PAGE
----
York College to offer student Spartan Startup camp on entrepreneurship
Imagine leaving college with a degree – and a viable plan for your own startup.
That’s the vision behind the new Spartan Startup program, a partnership between York College of Pennsylvania’s J.D. Brown Center for Entrepreneurship and the Center for Community Engagement. Scheduled for March 9-11, the three-day experience will serve as an entrepreneurial boot camp, driving participants to develop feasible business ideas for the future.
Tied to the national “3 Day Startup” program that began at the University of Texas, Spartan Startup will build upon York College’s successful elevator pitch competition, says Oscar Winters, associate director of the J.D. Brown Center.
“The one thing we noticed was when the elevator pitch competition was over, it was over. A lot of students would come up with 1- to 3-minute pitches, deliver them, win some money, and that was it,” Winters says. “We wanted to make a way for students to come up with a pitch and a business idea and walk away with more than a check.”
The startup spirit
In ways, the new event is a startup itself. Fueled by an all-hands-on-deck attitude, input from the brightest students, collaboration between the J D Brown Center and the Center for Community Engagement, and old-fashioned hustle, Spartan Startup has materialized in less than a year.
Winters joined the J.D. Brown Center last spring – and even before he started the job, his new boss, Assistant Vice President for External Relations Jeff Vermeulen, told him to be ready to explore the startup program. He wasn’t kidding. A couple of weeks later, Winters received a call from the national program.
It didn’t take long to sell Winters.
“I was an Entrepreneurship student at York College, and it was really exciting to be part of a push to bring this to current students,” Winters says.
Not just for business majors
Intermittent phone calls have morphed into a busy planning season. The development of promotional materials is a sign it won’t be long before participants converge on campus to start brainstorming the next great startup.
All students can apply to participate.
Dr. Dominic DelliCarpini, Dean of the Center for Community Engagement, stressed that entrepreneurship isn’t just for business majors – and neither is the Spartan Startup. In fact, organizers hope to see art majors team up with future engineers and other dynamic combinations.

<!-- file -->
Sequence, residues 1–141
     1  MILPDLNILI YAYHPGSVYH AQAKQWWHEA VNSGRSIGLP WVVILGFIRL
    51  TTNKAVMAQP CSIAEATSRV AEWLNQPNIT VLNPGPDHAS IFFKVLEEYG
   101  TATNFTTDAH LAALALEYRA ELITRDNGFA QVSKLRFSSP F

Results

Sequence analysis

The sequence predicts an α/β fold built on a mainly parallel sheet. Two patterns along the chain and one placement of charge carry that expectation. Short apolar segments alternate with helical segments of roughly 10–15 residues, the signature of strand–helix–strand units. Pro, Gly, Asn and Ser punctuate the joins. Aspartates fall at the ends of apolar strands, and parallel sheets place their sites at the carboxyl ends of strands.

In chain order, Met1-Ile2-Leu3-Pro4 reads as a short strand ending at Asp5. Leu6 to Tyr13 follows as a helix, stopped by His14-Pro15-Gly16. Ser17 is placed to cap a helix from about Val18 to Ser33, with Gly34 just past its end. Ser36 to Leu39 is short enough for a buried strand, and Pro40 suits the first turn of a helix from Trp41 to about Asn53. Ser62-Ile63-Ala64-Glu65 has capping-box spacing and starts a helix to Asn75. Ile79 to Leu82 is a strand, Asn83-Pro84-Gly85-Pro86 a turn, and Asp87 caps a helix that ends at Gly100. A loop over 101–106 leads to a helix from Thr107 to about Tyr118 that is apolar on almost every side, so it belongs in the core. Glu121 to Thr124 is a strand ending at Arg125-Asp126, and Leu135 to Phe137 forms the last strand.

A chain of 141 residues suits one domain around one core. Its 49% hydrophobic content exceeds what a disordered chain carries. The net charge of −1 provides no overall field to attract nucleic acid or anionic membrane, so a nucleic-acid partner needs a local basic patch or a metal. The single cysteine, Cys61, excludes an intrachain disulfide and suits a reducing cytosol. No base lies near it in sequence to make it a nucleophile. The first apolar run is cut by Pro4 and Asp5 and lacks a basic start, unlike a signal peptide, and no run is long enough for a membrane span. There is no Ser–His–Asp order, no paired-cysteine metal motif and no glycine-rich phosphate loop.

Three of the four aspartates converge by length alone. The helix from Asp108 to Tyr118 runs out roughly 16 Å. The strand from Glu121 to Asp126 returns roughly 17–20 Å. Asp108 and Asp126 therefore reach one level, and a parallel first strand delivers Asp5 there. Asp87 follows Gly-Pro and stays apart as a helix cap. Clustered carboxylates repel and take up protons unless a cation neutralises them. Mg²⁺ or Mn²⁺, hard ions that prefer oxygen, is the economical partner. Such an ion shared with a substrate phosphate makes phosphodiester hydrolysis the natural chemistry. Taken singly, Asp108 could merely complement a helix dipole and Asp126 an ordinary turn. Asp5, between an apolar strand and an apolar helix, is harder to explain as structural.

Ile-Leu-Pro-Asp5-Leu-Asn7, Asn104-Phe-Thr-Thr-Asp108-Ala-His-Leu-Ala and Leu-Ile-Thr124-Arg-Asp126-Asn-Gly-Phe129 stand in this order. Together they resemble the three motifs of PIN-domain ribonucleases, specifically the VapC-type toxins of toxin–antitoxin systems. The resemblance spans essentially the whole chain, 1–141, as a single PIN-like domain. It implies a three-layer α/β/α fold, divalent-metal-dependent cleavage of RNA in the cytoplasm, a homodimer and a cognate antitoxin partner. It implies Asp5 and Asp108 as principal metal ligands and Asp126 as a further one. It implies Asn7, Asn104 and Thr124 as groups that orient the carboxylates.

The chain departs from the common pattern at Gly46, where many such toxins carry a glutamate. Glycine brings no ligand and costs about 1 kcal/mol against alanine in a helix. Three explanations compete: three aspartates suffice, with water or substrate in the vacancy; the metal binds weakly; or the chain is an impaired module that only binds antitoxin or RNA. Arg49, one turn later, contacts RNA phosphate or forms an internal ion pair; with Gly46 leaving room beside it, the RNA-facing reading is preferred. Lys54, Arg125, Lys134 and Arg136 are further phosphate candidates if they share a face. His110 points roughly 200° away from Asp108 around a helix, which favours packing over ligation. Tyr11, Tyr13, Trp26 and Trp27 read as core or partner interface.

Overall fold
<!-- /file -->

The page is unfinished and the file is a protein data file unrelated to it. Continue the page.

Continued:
“Spartan Startup will help students see how their innovative ideas can move from ideation and prototyping to actually creating a plan for bringing their ideas forward,” Dr. DelliCarpini says. “They will also learn that entrepreneurship is not just a business principle – it is a habit of mind that leads to success. Entrepreneurs have the attitude that any problem can be solved with innovative thinking and serious commitment. All employers want employees like that.”
Six months in three days
Organizers encourage participants to consider ideas that could materialize in the York area – like retail, product development, services or technology products, Dr. DelliCarpini says. He stressed that while it’s not a competition, there is hope local investors might buy into some of the ideas.
The national effort has a strong track record of success. Almost 13,000 students have participated in the “3 Day Startup” program. Alumni have launched more than 135 companies.
The three-day workshop will start with market research. That means hitting the streets to talk with potential customers. Participants will also meet with area business owners, develop pitches, and eventually collaborate on key ideas.
Faculty and business mentors will help teams formulate proposals that will be pitched to community leaders.
“It’s six months of startup planning crammed into three days,” Winters says.
Future expansion possible
Like any startup, growth is the goal.
Winters hopes to have about 40 participants in the first Spartan Startup. Ten spots will be reserved for community scholarships, and York College could eventually open the program to students from other schools.
An advisory board including Graham Innovation Scholars and students involved in YCP Hacks, a similar event for tech ideas, is helping to lead efforts to engage participants for the inaugural event.
All of it fits into the broader experience York College wants to offer students. From elevator pitches to startup planning, the school wants students prepared for the real world.
“This is part of larger efforts for collaboration across disciplines and for project-based learning that gets students outside the classroom for real-world experiences,” Dr. DelliCarpini said. “Ultimately, it will make students the innovators of our college and community.”